would you like to know how to drive in japan? Or how to get a driving license and how to arrange a rental car in japan? Then don’t look any further, but read this article about driving on the left side of the road, traffic rules, refueling, parking and if it makes a difference if you are traveling as a tourist or with a visa?
Let’s take a closer look at the topic ‘driving in japan’:
In japan the left-hand driving. at the age of 18, locals are allowed to get a driver’s license and usually drive an automatic transmission through narrow streets or, in stark contrast, on four-lane carriageways at countless traffic lights. Especially in big cities like tokyo, osaka or nagoya.
In addition, many japanese are on the road with their bicycles and you have to watch out like hell. By the way, driving on a freeway toll. So it is not easy to adjust to driving in japan.
Travelling by car is worthwhile to explore remote sights, to be independent from public transport or to travel in rural areas (bspl. Yakushima or hokkaido) simply be more mobile. For this you need of course driving license.
If your driver’s license is valid in germany or switzerland (other countries) you need:
- Valid driver’s license from the above countries
- Passport and a
- Japanese translation of the driver’s license
But if your driver’s license is in austria (other countries) issued, you need:
- Valid driver’s license from the above countries
- passport and the
- International driving license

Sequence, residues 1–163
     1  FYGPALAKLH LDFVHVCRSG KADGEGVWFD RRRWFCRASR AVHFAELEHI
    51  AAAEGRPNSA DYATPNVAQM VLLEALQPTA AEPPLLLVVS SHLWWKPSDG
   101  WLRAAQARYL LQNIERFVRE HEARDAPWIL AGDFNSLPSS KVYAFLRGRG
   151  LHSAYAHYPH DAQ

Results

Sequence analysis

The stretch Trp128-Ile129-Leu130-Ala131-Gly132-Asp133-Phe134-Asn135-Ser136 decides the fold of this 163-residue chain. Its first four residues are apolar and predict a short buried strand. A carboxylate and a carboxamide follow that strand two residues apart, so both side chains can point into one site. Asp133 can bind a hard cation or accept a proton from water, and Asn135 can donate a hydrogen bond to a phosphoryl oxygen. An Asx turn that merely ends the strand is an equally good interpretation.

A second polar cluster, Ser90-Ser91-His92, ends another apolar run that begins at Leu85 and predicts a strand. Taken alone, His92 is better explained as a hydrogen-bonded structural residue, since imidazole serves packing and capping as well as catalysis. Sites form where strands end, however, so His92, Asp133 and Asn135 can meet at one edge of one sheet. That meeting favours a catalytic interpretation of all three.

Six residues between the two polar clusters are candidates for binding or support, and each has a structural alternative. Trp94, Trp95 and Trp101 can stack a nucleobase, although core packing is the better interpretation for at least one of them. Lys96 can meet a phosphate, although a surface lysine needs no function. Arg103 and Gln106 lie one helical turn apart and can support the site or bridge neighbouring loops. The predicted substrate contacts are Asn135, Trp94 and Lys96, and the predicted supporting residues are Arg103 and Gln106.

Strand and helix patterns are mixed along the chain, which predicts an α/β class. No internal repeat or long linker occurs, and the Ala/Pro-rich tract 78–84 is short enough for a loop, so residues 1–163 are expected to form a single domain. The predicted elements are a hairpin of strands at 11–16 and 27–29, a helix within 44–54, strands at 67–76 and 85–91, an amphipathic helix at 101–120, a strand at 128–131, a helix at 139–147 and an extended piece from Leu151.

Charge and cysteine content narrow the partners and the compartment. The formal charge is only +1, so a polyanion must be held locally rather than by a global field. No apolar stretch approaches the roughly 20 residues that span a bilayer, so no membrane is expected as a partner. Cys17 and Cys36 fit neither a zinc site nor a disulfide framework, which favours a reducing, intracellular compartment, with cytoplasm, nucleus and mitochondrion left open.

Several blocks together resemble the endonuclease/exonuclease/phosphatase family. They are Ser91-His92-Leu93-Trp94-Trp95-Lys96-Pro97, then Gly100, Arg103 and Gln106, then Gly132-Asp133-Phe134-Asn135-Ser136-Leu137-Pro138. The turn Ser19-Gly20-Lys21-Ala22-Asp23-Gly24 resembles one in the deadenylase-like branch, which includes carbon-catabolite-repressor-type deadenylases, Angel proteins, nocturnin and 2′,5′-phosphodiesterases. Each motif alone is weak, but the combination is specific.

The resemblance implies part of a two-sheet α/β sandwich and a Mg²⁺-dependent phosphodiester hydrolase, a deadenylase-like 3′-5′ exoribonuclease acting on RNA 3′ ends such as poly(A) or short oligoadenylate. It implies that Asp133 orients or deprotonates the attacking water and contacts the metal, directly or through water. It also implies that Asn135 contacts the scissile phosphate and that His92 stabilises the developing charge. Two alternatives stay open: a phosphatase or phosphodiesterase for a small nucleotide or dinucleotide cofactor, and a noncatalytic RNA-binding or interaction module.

Translation of the driver’s license
There are two ways to have your driver’s license translated:
* – offers the translator service directly from germany you will pay four (!) weeks before departure you must use. To do this, send the following to japan experience:
- scan/color copy of the front and back of your driver’s license
- Your address + phone number
- address of your first accommodation in japan (if known)
- 6.500 yen / ca. 55 euro
- duration> 4 weeks.
- Send original driver’s license to ADAC: ADAC sudbayern e.V. , driving license translation office, ridlerstrabe 35, 80339 munich
- Transfer the amount to the following account IBAN: DE46 7008 0000 0381 0161 00, BIC: DRESDEFF700, purpose: FSu country and name
- cost: 65 euro + 3.80 euro postage
- duration: one week
- Completed application
- Your driver’s license
- 3.000 yen / ca. 26 euro
- Duration: 2 hrs. Until 2 weeks (i.D. R. 2 hours.)
- Opening hours: mo. Until fr. 9.00-17.30 o’clock
- This service can also be requested in advance by mail. You also need to provide a return envelope, 500 yen processing fee and a japanese address.
If you have a translation, it is enough together with your valid driver’s license and passport you are allowed to drive in japan. But there is still the matter of validity!
Validity of the driving license
International driving license: the international driver’s license is for example. For austrians at most 1 year valid! If your driver’s license expires during this period, your international driver’s license will expire on the same date!
Japanese translation: the japanese translation is for 1 year valid. For short tourist stays this translation is not necessary (if you want to visit japan for> 3 months out) on re-entry again 1 year valid.
Attention: official agencies disagree on this! At longer stay in japan I recommend to send the driver’s license at the office rewrite to have:
Transfer of driver’s license